Oil Prices Get Another Boost From Saudi-Yemen Dispute, How Long Will The Rally Last?

An attack by Yemen’s Houthi rebels on oil facilities in Saudi Arabia on Friday gave oil prices a further boost as markets tried to digest a fresh round of sanctions on Russian oil.

The oil market has rallied strongly in recent months, taking WTI crude well above $120 a barrel. Oil prices have been boosted by strong demand after the pandemic recession ended and the recovery and tight supply due to production constraints.

Then there is the war between Russia and Ukraine, US-EU sanctions on Russian oil and growing market expectations of supply disruptions due to the ongoing war.

How long will the rally last? Oil industry analyst Theophanis Matsopoulos doesn’t see the bull market in the oil market lasting too long.

“Most of the rise in oil prices is a matter of expectations,” he said. “Expectations about oil supply disruptions and expectations that the world will stop buying oil from Russia. Neither will occur.”

But he doesn’t see those expectations coming true.

“Sanctions are not the same as embargoes,” Matsopoulos said. “The EU will not join America in cutting Russian oil imports. They can’t afford that.”

And without expectations being met, oil prices will have to go back down.

“The oil market is clearly volatile, with a daily movement of 5% (or more) not that unusual,” said Jay R. Young, founder and president of King Operating Corporation and author of The Upside of Oil and Gas Investing.

“In the short term, something depends on trade; long-term, we’ve been demanding oil at $120/barrel or higher for quite some time… and that was before Russia invaded Ukraine and sanctions were imposed on Russian oil purchases.”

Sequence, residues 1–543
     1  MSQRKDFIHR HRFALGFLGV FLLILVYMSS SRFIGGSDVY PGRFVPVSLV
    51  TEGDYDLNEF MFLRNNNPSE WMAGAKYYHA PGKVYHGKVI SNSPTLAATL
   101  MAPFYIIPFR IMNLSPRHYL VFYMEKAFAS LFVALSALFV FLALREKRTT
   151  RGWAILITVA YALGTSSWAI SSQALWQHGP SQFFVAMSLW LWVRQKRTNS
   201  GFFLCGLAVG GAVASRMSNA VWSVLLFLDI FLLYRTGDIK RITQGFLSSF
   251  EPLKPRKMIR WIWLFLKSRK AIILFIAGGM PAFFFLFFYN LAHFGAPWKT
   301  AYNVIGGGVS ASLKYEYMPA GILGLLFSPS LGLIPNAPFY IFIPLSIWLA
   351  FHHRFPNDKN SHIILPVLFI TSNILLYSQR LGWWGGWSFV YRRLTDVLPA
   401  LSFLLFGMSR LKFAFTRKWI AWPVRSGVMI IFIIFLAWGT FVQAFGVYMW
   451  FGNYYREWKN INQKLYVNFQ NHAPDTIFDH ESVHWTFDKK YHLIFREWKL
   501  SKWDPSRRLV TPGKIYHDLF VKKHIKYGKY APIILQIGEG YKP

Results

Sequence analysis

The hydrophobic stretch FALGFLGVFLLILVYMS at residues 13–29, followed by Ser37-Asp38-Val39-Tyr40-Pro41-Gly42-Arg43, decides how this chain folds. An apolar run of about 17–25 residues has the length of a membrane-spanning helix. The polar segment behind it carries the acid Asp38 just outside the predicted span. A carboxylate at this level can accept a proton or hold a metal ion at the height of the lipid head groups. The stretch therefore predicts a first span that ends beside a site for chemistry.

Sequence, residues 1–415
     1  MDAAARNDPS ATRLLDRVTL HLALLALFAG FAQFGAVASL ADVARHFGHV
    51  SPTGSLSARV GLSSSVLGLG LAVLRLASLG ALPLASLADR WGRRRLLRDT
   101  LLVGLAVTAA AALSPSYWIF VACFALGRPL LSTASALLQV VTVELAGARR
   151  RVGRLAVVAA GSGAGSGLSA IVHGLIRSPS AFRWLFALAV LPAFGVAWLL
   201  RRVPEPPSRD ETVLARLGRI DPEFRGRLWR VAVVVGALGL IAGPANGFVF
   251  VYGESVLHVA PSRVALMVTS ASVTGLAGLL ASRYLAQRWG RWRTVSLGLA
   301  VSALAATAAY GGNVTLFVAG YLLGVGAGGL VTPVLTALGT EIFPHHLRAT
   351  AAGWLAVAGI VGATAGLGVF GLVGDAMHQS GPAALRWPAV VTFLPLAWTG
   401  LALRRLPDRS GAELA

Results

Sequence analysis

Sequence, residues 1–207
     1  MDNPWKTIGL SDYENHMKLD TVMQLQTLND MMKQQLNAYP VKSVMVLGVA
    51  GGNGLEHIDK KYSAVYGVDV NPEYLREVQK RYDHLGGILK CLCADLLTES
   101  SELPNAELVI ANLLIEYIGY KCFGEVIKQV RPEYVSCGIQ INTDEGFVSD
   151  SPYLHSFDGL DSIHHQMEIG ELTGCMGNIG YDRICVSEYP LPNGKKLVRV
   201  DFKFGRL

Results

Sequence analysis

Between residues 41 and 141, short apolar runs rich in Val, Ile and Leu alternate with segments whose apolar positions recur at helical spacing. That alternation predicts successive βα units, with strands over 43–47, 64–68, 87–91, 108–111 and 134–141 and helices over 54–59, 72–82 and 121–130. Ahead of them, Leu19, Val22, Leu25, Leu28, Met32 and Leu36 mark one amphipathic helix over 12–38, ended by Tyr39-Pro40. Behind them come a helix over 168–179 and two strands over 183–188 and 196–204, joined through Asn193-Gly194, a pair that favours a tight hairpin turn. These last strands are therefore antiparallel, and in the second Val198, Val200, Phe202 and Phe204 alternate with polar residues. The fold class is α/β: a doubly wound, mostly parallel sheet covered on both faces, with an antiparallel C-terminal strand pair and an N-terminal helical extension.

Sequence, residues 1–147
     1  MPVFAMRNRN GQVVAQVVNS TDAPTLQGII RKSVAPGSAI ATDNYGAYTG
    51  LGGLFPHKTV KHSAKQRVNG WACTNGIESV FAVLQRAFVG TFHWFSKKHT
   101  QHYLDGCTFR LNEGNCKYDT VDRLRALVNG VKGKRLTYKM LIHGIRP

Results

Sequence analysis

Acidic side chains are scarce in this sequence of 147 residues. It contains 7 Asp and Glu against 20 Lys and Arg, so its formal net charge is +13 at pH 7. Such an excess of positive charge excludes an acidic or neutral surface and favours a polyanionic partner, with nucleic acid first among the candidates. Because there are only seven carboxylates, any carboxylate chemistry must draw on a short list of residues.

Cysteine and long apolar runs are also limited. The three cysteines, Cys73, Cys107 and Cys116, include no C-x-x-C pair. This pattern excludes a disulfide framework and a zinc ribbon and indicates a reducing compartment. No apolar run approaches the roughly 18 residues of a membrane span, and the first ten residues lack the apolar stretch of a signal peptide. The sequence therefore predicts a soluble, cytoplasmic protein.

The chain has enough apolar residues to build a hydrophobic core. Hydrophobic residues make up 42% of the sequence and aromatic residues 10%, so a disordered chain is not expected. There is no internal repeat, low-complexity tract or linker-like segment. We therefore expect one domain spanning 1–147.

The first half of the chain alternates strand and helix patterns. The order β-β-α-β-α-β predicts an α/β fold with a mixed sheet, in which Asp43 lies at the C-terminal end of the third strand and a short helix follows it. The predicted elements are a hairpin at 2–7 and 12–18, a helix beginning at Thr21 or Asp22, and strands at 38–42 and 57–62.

The reason?

“Global demand will increase as we emerge from the pandemic and approach the busy summer travel season,” Young said. “Meanwhile, supply is not keeping pace for a number of reasons, including the Biden administration’s restriction on drilling on state land in the US.”

Young sees the oil bull market as sustained over the long term. “All signals point to significantly more expensive oil and gas worldwide,” he said.

DailyFX analyst Thomas Westwater sees both tailwinds and headwinds for the oil market rally. The tailwind could come from an end to COVID-19 lockdowns in China, which would boost demand growth prospects from the world’s second-largest economy. Headwinds could come from an increase in US domestic supply.

According to data from Baker Hughes, the number of oil rigs in the US rose to 670 from 519 in the week ended March 25.

“That’s the highest level since April 2020, even though oil production per rig has declined,” Westwater said. “The reduced production is an unfortunate side effect of shutting down and restarting rigs – it reduces effectiveness. Still, the numbers are encouraging, but it will be some time before production ramps up to the point where prices would fall even further.”

CruxOCM’s Rebecca Greenan doesn’t think things are that simple.

“The structure of the global oil market will change because of Russia as well as the fossil fuel discussion and the need for an energy transition strategy that allows alternatives to be developed before we sacrifice the industry,” she said.

“How high the price of oil will go depends on energy policies and how they deal with legacy energy sources. With the US midterm elections later this year, there will be pressure on Biden and the Democrats as the relationship between the president’s popularity and the price of gas is well established in the political literature.”

© Copyright IBTimes 2022. All rights reserved.

Leave a Reply

Your email address will not be published.